Tremendous Verdi Requiem from Noseda at Verbier (Rebroadcast)

SwitzerlandSwitzerland Verdi, Messa da Requiem: Soloists, Verbier Festival Orchestra and Coro del Teatro Regio di Torino / Gianandrea Noseda (conductor), Maria Agresta (soprano), Daniela Barcellona (mezzo-soprano), Piotr Beczala (tenor), Ildar Abdrazakov (bass). Salle des Combins, Verbier, Switzerland. Movie director: Corentin Leconte. Production: Idéale Audience, – MUSEEC/ 1.8.2013 (RDA)

Earlier this season, I wrote about a very fine performance of Verdi’s Requiem in Cincinnati, Ohio: “…a monumental work—its musical language writ large and rooted in the operatic stage. It cries out in existential anguish hoping for peace and life eternal, while its sobering text, taken from the Catholic Mass for the Dead, invites reflection on mortality. This is a sacred opera in which the dramatic argument is not one of man vs. man but one of man in a life-and-death struggle with his own soul. Verdi, an agnostic, composed the Requiem in 1870, as he was entering old age. Otello and Falstaff would have to wait in the wings while the stage was set for a music drama about matters of the spirit.”

No performance of the Requiem can be called definitive. With each successive reading, lovers of the Verdi canon enjoy yet another aspect of this masterpiece, for the Requiem is to sacred music what Beethoven’s Ninth is to the symphonic repertoire – a kind of ne plus ultra masterwork by a genius composer at the very top of his game. Every great conductor from Toscanini to Bernstein to Levine has recorded the Requiem, every great spinto tenor from Di Stefano to Pavarotti has stepped up to the plate to essay Ingemisco, and every basso’s Confutatis Maledictis is measured against Pinza’s and Christoff’s iconic recordings. Further, every soprano and mezzo who attempt the two very demanding female solos in this heavenly quartet have to endure comparisons to the likes of Steber, Price, and Schwarzkopf, and farther back in the past century the one-in-a-thousand voices of Barbieri, Tebaldi and Cossotto.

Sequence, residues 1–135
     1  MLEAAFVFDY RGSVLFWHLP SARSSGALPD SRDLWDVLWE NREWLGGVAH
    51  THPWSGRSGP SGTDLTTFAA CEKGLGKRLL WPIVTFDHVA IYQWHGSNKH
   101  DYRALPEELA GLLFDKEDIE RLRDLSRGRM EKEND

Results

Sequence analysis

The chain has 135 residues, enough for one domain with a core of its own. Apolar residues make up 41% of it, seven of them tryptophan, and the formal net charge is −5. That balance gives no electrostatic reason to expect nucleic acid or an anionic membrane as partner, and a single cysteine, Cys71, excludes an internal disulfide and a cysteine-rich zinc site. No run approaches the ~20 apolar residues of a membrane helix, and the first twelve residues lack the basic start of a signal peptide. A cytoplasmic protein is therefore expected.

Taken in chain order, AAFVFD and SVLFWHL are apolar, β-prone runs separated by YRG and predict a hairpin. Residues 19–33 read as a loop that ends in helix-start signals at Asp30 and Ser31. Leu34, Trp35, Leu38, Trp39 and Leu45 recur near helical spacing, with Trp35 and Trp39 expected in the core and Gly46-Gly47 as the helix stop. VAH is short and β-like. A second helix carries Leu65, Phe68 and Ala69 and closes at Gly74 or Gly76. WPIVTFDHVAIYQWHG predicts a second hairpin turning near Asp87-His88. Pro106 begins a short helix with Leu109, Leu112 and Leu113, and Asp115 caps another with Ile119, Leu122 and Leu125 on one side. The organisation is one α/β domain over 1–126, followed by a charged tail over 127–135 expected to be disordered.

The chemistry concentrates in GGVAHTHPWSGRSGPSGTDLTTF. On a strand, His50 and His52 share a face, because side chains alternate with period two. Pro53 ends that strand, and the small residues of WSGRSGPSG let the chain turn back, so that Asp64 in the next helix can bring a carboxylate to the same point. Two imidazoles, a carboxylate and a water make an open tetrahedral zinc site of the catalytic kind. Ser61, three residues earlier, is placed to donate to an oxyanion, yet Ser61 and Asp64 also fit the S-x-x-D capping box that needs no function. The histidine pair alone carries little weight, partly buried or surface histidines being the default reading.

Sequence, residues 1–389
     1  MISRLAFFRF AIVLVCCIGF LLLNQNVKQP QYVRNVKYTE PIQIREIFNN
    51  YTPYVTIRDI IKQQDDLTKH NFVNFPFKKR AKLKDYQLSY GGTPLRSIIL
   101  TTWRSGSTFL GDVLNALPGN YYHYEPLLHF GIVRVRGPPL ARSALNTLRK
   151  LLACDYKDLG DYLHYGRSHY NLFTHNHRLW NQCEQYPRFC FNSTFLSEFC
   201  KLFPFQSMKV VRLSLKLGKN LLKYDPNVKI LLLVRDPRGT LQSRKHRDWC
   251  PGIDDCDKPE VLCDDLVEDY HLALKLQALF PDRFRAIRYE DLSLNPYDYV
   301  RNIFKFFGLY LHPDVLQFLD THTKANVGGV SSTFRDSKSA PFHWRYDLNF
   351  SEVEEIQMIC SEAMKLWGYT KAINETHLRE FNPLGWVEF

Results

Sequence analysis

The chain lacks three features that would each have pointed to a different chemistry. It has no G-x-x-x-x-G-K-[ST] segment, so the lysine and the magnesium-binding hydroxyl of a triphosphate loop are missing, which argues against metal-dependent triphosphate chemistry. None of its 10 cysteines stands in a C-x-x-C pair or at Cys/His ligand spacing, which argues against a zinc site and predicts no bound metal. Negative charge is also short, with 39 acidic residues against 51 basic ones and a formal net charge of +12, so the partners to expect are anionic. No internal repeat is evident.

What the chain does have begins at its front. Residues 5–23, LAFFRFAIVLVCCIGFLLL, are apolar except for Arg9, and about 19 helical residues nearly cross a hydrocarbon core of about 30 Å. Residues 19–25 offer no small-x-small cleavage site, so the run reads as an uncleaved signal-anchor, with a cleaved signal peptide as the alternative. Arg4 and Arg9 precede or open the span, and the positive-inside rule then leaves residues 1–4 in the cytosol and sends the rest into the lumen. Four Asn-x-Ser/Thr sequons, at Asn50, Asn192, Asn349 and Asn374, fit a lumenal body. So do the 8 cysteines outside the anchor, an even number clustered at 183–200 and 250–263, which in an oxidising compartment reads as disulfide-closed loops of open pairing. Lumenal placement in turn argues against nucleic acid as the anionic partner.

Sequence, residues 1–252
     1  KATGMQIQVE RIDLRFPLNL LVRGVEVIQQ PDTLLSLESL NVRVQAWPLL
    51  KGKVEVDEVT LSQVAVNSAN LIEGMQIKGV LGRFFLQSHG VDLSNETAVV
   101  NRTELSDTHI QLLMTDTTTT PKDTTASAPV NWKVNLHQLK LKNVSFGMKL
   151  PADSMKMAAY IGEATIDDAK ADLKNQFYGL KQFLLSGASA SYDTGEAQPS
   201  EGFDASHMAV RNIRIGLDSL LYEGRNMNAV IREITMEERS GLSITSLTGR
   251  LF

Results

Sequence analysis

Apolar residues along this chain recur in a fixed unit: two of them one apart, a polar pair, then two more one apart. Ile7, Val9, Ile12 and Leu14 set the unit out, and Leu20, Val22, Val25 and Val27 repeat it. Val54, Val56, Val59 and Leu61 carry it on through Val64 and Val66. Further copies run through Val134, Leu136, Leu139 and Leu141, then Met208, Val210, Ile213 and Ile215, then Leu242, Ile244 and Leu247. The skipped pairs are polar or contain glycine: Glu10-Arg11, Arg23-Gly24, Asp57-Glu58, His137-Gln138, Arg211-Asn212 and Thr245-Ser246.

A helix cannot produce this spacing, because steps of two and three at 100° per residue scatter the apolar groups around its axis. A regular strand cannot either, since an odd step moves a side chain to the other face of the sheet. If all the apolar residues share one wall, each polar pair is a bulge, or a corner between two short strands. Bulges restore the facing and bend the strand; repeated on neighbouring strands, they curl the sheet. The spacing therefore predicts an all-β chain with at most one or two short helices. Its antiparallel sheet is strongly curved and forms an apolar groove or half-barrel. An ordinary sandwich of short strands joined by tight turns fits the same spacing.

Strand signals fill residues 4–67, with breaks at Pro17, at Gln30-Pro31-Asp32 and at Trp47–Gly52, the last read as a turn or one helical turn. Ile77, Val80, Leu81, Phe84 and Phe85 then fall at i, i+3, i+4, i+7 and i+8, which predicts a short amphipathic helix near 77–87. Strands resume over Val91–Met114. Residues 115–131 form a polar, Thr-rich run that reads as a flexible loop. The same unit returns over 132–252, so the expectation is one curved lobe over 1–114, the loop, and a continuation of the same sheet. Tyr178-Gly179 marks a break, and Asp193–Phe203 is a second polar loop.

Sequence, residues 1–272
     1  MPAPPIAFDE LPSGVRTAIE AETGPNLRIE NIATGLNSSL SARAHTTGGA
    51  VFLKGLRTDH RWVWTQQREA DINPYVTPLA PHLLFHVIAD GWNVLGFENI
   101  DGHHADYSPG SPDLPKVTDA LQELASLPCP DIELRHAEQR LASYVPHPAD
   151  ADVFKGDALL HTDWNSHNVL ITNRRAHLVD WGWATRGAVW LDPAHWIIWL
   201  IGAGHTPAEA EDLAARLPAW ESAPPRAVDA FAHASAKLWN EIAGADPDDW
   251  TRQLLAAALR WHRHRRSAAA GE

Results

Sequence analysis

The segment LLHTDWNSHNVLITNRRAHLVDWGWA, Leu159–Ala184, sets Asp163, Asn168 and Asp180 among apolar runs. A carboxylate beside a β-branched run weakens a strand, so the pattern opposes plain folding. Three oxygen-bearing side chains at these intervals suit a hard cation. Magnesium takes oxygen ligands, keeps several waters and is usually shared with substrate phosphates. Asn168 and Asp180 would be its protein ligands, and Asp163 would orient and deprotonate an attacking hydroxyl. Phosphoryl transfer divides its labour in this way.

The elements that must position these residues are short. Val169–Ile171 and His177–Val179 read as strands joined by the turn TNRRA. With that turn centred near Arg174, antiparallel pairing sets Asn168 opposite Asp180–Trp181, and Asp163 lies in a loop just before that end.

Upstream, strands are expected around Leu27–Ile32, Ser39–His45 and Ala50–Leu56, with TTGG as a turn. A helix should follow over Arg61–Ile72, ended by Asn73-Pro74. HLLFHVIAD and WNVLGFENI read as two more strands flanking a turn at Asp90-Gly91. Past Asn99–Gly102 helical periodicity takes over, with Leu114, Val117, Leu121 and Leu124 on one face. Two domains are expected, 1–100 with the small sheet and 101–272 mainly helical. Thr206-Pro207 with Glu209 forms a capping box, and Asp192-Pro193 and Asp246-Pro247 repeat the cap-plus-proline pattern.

In this superb film – just released a few days ago – Gianandrea Noseda leads the Verbier Festival orchestra and elicits from his youthful contingent a performance that shakes the rafters of the Salle des Combins. The joy of watching this maestro at work is tremendous, for he does not stint on an ounce of the energy that drives him, his orchestra and the superb Coro del Teatro Regio di Torino, of which he is music director . This is one for the books.

The singers – all four of them – are splendidly balanced vocally, so that in their ensemble work soprano Maria Agresta’s lyric voice matches by dint of technique and timbre the darker, dramatic sound of mezzo-soprano Daniela Barcellona. In their solo work they shine, Agresta singing with heartbreaking sensitivity in the Recordare, spinning out ethereal pianissimi throughout and absolutely owning the final Libera me. Barcellona brings her imposing sound to a prophetic Liber Scriptus and sings with a hefty approach to the chest range redolent of the sound of the great Giulietta Simionato.

Polish tenor Piotr Beczala sings with an elegant, bel canto approach – his vocalism always on target, his top notes solid, his legato unflagging. Bashkirian bass Ildar Abdrazakov makes a wonderful Confutatis and contributes a rock-solid foundation to all the quartets.

Again I quote from my old review: “The final Libera me gives the soprano the lioness’ share of Verdi’s glorious music in what amounts to an operatic scena, engulfing the soprano in a maelstrom of sound, while her voice fights to be heard above the din—as a soul fights for salvation. The final pianissimo morendo on the words, ‘Libera me Domine di morte aeterna’, set in the soprano’s extreme low register, is as profoundly moving a depiction of the passing of a soul as anything in western music.”

Rafael de Acha